How to manage a blog? Check out the main insights you can extract from an analytical view – WAU
Not many people and companies work with blogs more analytically. Careful analysis involves constantly monitoring results, experimenting and using the right digital marketing levers to extract more value for the business. The work, in most cases, is done thinking “we are going to produce content and […]
Not many people and companies work with blogs more analytically.
Careful analysis involves constantly monitoring results, experimenting and using the right digital marketing levers to extract more value for the business.
The work, in most cases, is done thinking “let’s produce content and see what happens”. I see differently! I believe that, by following the metrics relevant to the success of a blog, it is possible to perform optimization actions with the potential to leverage the results generated.
In this article, I will try to answer five very recurring questions in managing a blog, using insights extracted from the indicators of a blog and that I recommend that you and your team follow systematically.
Is my content pleasing?
This is a very common question when you have a blog. We all know that the main ingredient for a successful content strategy is the quality of the content and how interesting and relevant it is to your audience.
An Analytics metric that helps in this understanding is new / returning visitors. If your blog is bringing back visitors who have already accessed your content, it is most likely pleasing.
Another indicator that helps you understand if your content is on track is pages per visit, also from Analytics. If the visitor is accessing multiple pages of your blog it also indicates that he liked what you read.
O number of links for your blog (which can be extracted by Google Search Console) and social metrics like Facebook shares are other good thermometers of how much your content is engaging.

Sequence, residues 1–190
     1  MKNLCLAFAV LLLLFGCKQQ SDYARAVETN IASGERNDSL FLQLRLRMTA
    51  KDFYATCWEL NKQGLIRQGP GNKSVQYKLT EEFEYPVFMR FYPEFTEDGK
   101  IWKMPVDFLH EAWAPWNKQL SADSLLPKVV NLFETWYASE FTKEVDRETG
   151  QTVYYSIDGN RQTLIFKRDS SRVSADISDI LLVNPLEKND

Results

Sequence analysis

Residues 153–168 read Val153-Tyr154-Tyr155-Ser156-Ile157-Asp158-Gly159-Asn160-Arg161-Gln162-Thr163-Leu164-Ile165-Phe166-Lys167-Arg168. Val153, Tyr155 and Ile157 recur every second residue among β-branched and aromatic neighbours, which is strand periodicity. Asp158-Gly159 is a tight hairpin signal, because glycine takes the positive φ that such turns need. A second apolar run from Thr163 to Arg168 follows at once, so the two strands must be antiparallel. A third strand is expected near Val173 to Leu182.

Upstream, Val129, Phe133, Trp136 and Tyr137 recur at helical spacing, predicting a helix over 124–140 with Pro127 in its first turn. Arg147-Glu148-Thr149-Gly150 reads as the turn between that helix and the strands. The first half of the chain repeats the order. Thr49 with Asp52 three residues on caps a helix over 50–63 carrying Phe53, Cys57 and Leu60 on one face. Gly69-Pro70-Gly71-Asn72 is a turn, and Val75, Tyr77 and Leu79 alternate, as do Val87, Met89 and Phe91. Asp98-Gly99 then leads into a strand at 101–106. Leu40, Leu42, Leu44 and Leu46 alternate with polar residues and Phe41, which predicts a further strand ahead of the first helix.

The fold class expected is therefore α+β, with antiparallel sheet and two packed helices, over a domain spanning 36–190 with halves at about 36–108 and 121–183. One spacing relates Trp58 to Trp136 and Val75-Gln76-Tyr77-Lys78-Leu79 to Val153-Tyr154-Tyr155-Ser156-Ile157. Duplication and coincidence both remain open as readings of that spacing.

Are people finding my content?
There is little point in producing incredible content if people are unable to find it. O number of hits by Google organic search (which can be extracted through Analytics) is an indicator that shows how much people are accessing your content through Google. Organic traffic is one of the main growth drivers for your blog.
Over time (and many articles published) Google will index your blog for the most different words.
The number of keywords indexed is a good indicator of the reach of your content. The greater the number of keywords linked to your blog, the more hits it will have. I recommend using SEMRush to extract this information, but Google Search Console also helps with several insights regarding organic search.
Does the blog really work for my business?
The main objective of the blog should not be to get access (although this is a very natural first step). Content work is a marketing investment that your company is making. And it must be treated as such.
So I suggest you follow the number of leads generated by the blog. This is often wasted potential.